Regardless of which edition you want, $40 is still a lot to ask for decades-old games — Nintendo Switch Online Expansion Pack subscribers can play a no-frills version of Sonic 2 at no extra cost right now. You could also play Sonic Mania, which paid glorious homage to all four of these games in 2017.

Despite the high price, the Genesis Sonic games are some of the best platformers ever made, and Sonic Origins presents them in the most visually stunning compilation yet. If you’re looking to revisit classic 2D Sonic games or want to introduce them to a new generation of players who’ve discovered Sonic through the recent movies, this collection is the slickest, most accessible way to experience them. And it still puts me in a better mood whenever I load it up.


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Exclusive: Apple in July: M2 MacBook Air, iOS 16 public beta, and much more – TalkOfNews.com

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Exclusive: London-based Vita Mojo, which makes restaurant software for digital ordering and kitchen management, has raised $30M led by Battery Ventures (Megha Paul/Tech.eu) – TalkOfNews.com

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London-based Vita Mojo, which makes restaurant software for digital ordering and kitchen management, has raised $30M led by Battery Ventures (Megha Paul/Tech.eu)

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Megha Paul / Tech.eu:

London-based Vita Mojo, which makes restaurant software for digital ordering and kitchen management, has raised $30M led by Battery Ventures  —  UK-based platform enables digital ordering in restaurants and more efficient kitchen and delivery operations through its software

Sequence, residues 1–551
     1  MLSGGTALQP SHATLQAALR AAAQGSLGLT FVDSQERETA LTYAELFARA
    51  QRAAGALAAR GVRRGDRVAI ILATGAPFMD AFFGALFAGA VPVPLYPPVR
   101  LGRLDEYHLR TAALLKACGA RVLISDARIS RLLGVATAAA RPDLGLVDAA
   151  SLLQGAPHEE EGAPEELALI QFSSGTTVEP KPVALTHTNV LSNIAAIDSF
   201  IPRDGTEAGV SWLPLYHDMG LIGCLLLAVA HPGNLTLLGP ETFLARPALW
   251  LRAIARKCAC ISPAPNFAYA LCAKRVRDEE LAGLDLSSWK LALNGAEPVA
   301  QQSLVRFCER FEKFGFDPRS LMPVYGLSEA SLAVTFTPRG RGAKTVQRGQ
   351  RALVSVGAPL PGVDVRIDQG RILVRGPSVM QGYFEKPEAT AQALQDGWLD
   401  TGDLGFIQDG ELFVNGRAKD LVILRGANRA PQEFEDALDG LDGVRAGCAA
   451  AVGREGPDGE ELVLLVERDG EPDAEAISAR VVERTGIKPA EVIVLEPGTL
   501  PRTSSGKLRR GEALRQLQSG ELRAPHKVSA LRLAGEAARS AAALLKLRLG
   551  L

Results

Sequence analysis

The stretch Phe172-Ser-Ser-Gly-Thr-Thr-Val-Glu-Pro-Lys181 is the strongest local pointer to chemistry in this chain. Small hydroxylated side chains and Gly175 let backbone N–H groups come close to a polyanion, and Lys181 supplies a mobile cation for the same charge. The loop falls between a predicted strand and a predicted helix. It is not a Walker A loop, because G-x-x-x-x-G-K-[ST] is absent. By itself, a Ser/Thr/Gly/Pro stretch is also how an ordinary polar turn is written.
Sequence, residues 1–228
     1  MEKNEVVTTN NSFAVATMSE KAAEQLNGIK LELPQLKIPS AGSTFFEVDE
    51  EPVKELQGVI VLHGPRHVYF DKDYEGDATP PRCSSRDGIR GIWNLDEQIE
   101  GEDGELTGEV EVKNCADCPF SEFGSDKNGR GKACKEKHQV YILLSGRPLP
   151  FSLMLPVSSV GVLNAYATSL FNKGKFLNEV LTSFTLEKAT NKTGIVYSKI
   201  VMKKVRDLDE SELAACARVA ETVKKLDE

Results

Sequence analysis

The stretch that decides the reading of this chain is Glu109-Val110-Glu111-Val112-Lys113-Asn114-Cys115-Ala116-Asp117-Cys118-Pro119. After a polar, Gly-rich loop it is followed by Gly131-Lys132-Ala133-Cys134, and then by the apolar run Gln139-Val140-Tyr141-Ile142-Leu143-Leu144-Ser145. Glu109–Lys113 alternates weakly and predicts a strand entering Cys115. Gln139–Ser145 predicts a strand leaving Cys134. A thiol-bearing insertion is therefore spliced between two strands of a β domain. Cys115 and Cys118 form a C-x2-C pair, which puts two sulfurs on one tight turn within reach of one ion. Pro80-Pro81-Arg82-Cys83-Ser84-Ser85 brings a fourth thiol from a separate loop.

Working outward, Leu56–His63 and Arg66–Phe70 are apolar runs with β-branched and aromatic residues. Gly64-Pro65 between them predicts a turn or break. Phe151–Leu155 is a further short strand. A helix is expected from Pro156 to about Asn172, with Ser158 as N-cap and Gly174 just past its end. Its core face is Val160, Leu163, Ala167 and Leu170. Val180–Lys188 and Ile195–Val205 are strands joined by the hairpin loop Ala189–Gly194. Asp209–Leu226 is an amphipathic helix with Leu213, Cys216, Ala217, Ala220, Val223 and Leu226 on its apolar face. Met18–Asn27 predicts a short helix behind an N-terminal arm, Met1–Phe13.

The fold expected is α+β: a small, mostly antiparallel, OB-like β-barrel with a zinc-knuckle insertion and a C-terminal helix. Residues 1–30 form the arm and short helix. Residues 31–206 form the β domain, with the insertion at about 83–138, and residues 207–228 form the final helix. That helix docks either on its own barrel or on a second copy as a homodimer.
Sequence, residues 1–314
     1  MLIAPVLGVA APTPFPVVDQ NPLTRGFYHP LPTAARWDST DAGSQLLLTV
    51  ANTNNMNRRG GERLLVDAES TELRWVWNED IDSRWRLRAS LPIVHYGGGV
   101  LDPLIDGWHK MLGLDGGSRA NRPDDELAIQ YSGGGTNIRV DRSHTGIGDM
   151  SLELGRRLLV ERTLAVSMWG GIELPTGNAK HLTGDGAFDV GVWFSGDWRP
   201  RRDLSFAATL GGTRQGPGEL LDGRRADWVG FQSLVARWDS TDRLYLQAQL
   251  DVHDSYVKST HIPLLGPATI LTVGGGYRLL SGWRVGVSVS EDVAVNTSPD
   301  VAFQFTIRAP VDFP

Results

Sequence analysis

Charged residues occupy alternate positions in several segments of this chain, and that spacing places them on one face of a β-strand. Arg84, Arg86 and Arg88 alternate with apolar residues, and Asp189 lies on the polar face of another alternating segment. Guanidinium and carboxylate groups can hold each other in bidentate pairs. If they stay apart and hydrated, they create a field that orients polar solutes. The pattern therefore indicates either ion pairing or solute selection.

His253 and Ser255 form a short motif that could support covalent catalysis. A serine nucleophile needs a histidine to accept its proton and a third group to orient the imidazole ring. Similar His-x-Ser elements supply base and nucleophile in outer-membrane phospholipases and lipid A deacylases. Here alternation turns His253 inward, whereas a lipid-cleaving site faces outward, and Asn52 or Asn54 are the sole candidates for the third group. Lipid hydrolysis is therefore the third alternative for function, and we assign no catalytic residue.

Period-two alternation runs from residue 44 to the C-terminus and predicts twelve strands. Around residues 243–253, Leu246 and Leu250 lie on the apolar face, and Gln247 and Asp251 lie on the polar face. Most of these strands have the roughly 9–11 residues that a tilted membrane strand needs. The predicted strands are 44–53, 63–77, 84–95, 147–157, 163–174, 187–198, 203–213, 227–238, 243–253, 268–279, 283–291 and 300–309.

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Exclusive: Tell Us About Your Pop Culture Month: June 2022 Edition – TalkOfNews.com

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Tell Us About Your Pop Culture Month: June 2022 Edition

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The main characters of Voltron: Legendary Defender.

Image: Netflix/Dreamworks Animation

*cracks knuckles*

Watched: Oh boy, I went through a bit of a tear with TV this month. Along with being taken in by Ms. Marvel and slowly catching up on Star Trek: Strange New Worlds, the biggest thing I watched, TV show wise, was Barry. After hearing so much about it on Twitter over the course of several weekends, I finally took the plunge and really enjoyed that first season. It’s incredibly breezy as hell, and really easy to just binge three or four episodes before walking away to let everything settle. I like how constantly out of his depth Barry is while simultaneously being the most dangerous person in every scene he inhabits; I like his weird, brief hypotheticals of the future he could have if he successfully gets out of The Life. I’ve stepped away from it for a few days, but am prepared to get into the next two seasons and then eagerly consume season four whenever that hits up in 2023.

Towards the end of the month, I got hit with a case of the rewatch and decided to turn my eye back to Voltron: Legendary Defender over on Netflix. And you know what, those first three seasons are about as strong as I remember them being. I respect a show that’s extremely committed to its own bullshit, in this case a guerrilla army of alien cat ninjas with transforming swords. In its best moments, that Legendary Defender managed to make its universe feel like a big, space opera romp while maintaining a tight focus. I remember some of this show’s future plot points, and remember being just passively mixed on the ending, so we’ll see how that goes as I continue down mecha-memory lane.

Barry: Season 1 – ‘It’s A Job’ | Official Trailer | HBO